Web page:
Episode: Leverage 1.03 – “The Two-Horse Job”
Original Air Date: December 16, 2008
In this episode, the father of an old “acquaintance” of Elliott (named Aimee Martin and played by Jaime Ray Newman, Tess from Eureka) contacts the team because he is being blamed for a fire in which several horses were killed. The stable belonged to the father, Mr. Martin, and he was part owner of the horses. He doesn’t want money. All he wants is his only surviving horse back — and for the owner never to work again.
The con this time is a “Lost Heir” con, but with the twist of the horse being the lost heir. Sophie plays a Southern Belle (with a perfect accent, naturally) who, along with Nate and Elliott, try to sell an established thoroughbred to Foss (the owner of the horses) as the lost heir to some Chinese horse (of course Sophie can speak Mandarin) that somehow escaped a government crackdown. Along the way, Nate’s former rival, Sterling (played by Mark A. Sheppard of Firefly and BSG fame), begins an investigation into the fire because the horses were insured by his company. In the end, Foss is fooled into signing papers that get him accused of insurance fraud by Sterling in front of a group of investors that he had lined up. The stable owner gets his horse plus some cash, and the Leverage teams nets around $12 million.
Of course there are complications along the way, including a traffic jam that ends up causing Elliott to ride one of the stolen horses to the stable just in time to save the day. How cool is that? I always knew Lindsey could ride a horse (um, wait — wrong show…). And there’s the big reveal which shows the audience that what we thought we were going to see isn’t what it seemed. When Foss and company show up to scam the “lost heir’s” ID chip to identify it as the right horse, we assume it will be the same horse he just left, but Parker and Hardison have switched the names and numbers of the stalls. Since they all look the same, Foss doesn’t even realize what has happened. Of course this is what leads to his aforementioned downfall.
Sophie and Parker both really shine in this episode. Sophie switching between perfect Mandarin (well, I assume it’s perfect — I don’t actually speak it. I’m just a linguist, not a Chinese scholar) and Southern Belle definitely makes for a great viewing experience. Gina Bellman is certainly an underrated actress, at least here in the US. And when Elliott calls her “Miss Katherine,” I just about died laughing. Parker has some of the best lines in this episode. She reveals that she once saw a horse kill a clown (in a flashback we learn that it was a man in a horse costume who beat a clown to death) and so is afraid of both horses and clowns. When she finally has to confront a horse in the end of the episode, she tells the team, “Horses are much less murderous than I originally thought.” To quote Dr. Horrible: “Hilarious!”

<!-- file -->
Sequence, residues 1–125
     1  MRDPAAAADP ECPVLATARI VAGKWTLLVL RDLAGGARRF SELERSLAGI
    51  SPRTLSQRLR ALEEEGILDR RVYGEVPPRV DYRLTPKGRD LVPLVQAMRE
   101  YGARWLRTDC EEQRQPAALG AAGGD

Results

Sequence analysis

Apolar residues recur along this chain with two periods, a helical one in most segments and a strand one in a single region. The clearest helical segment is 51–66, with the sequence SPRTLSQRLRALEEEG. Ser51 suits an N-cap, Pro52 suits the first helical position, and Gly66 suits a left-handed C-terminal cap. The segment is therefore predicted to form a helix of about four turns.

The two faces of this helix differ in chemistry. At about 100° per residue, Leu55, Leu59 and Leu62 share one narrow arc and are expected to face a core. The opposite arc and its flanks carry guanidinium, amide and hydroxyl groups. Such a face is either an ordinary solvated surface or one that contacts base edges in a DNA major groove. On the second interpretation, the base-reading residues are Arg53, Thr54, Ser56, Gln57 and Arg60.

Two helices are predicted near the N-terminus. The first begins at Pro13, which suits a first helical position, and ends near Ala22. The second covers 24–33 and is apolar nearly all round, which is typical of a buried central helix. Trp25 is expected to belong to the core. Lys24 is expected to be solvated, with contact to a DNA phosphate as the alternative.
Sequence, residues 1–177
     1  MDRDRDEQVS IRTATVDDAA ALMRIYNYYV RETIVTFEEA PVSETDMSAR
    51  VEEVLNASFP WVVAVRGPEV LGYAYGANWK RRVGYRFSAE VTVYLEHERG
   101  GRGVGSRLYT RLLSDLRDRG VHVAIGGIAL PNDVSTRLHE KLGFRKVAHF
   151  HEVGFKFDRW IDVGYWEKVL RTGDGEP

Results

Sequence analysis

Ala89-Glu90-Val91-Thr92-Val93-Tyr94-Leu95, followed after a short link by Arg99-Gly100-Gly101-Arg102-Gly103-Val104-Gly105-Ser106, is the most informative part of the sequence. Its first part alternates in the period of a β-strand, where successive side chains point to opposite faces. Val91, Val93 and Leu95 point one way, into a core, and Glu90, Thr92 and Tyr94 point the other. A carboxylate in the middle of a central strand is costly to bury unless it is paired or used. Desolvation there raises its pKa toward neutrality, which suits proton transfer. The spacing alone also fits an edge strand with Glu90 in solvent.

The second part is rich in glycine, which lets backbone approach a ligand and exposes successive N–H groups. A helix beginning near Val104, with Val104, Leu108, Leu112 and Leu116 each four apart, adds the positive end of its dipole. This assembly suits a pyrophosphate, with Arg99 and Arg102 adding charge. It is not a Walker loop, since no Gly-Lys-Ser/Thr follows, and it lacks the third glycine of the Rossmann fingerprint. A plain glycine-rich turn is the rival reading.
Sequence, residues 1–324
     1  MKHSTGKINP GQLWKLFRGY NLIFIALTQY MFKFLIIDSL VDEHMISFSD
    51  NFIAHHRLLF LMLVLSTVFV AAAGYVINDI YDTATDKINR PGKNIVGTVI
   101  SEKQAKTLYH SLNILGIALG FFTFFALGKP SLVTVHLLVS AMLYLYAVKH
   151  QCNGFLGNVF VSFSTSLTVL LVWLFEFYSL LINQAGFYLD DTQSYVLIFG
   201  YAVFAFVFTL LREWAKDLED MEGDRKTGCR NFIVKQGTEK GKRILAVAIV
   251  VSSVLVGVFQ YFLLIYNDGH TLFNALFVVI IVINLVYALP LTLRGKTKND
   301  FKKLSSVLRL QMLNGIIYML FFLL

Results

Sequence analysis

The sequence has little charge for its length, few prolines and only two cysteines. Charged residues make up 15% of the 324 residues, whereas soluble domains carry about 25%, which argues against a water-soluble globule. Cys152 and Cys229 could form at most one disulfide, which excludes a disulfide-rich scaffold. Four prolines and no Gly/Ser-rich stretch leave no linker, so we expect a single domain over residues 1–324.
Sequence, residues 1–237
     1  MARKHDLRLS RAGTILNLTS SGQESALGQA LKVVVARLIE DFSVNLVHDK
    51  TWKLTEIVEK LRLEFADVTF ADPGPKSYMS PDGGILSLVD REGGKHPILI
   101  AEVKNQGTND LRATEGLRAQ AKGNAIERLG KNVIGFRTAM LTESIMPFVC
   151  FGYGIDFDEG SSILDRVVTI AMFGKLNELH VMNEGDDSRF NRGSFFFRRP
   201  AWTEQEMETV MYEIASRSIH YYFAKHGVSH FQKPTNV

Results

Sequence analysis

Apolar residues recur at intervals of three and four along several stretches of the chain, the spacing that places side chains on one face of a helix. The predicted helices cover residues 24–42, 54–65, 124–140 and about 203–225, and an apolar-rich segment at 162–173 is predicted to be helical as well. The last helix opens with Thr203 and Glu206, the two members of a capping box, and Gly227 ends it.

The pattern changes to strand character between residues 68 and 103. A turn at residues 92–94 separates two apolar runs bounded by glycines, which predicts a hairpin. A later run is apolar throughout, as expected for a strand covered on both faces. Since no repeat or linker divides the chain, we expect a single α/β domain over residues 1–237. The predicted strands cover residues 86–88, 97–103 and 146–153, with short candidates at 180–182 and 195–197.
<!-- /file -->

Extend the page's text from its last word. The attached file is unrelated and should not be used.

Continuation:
Parker’s budding relationship with Hardison continues to grow. Referring to a lock on a door, she says to him, “Can you hack it?” to which an incredulous Hardison replies, “Hack the lock. You still don’t understand what I do.” She also sums up Sterling’s role rather nicely: “He’s like Nate. Evil Nate.” I sometimes wonder if Joss is ghost-writing for the show.
Speaking of Sterling (he’ll be recurring in future episodes, of course), he and Nate have now become rivals on opposite sides of the field instead of in the same company: “You just think you’re above the law,” says Sterling. “Oh, no, I just like to think of it as I pick up where the law leaves off,” Nate replies.
All in all, this is a good, solid episode. I suspect, however, that if you aren’t hooked yet, and aren’t hooked by this one, you’re not likely to enjoy the rest of the episodes, either. The setup for the shows is similar from here on out, and the interactions continue in much the same vein. Maybe, though, you could skip ahead to second season, ’cause things start to take a turn at that point (yes, I’m trying to get more viewers — there’s already a third season ordered, but I’d love to see a fourth! Why do you think I’m writing these reviews?).